Library JournalOne of the few achievements of the long Vietnam conflict seems to have been its reporting, as distinct in its own way as the World War II stories of Ernie Pyle and A.J. Liebling. The Vietnam correspondents overcame the official "credibility gap" with a journalistic style that could be cool and defiantly factual, or personal, or sometimes exuberantly paranoid, echoing the soldiers themselves. The style develops as you read these two marvelous volumes: the early news accounts of advisers give way by mid-decade to a mission confusion and a growing respect for the underestimated Vietcong ("We used to call the enemy Victor Charlie. But now we call him Charles. Mr. Charles."). After the 1968 Tet Offensive, a more personal, sardonic voice emerges to match the bitter experience. In all, 80 writers survey the complex scene from all angles--from Don Moser's terrific anatomy of a 1968 guerrilla bombing to first-person accounts by POWs like John McCain, while Norman Mailer watches the street battles waged back home. Not everything here is literature, but the average is high. The collection concludes with Michael Herr's masterly, jungle-weary memoir, "Dispatches." Highly recommended for history, journalism, and literature collections.--Nathan Ward, "Library Journal"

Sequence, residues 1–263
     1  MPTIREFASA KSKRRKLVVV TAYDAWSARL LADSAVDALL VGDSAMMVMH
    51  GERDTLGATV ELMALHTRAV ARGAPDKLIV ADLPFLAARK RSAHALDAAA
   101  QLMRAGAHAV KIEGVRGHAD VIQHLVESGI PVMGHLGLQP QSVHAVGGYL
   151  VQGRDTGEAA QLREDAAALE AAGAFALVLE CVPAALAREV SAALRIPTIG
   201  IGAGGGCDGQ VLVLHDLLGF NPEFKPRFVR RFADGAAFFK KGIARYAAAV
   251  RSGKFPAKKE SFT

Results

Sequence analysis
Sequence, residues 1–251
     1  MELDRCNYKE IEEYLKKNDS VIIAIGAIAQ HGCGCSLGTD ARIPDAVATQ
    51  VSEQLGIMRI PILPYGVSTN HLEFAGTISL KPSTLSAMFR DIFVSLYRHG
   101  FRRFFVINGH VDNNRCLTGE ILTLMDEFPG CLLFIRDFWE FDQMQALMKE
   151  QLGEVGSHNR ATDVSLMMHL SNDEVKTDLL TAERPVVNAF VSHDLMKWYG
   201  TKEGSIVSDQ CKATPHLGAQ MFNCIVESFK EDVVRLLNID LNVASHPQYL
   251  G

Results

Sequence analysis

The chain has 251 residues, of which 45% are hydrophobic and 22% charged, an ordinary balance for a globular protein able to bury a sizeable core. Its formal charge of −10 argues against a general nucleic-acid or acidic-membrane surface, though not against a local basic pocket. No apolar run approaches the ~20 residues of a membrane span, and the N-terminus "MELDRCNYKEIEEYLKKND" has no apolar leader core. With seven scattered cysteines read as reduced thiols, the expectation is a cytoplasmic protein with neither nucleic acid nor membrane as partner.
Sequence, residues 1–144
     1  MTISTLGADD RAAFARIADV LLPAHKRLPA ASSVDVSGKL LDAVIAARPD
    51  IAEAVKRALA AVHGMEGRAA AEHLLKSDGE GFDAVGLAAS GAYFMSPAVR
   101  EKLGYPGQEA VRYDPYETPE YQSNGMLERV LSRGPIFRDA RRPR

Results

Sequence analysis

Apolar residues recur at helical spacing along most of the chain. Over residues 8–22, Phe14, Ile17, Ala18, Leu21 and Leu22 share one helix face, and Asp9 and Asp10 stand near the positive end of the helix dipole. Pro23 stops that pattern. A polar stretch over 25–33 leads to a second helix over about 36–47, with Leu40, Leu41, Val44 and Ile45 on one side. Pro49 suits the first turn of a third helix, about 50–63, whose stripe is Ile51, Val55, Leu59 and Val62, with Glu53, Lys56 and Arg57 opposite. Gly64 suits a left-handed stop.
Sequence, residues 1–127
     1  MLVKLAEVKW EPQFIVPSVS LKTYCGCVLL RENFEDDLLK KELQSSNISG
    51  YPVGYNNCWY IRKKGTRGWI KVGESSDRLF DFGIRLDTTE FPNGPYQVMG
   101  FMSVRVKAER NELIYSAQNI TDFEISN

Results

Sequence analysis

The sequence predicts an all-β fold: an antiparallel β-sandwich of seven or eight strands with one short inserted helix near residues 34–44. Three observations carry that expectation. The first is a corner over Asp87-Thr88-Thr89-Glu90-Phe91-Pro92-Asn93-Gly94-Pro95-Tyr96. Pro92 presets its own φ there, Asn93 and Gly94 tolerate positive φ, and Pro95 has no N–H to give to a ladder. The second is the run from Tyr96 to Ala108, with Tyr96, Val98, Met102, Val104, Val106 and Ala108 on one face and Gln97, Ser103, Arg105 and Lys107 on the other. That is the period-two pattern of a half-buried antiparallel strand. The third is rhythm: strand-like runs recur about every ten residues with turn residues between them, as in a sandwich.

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John Le CarréThis splendid collection testifies to the courage, endurance, and swallowed anger of an extraordinary brave group of writers who, by sharing the agony, earned the right to report it.
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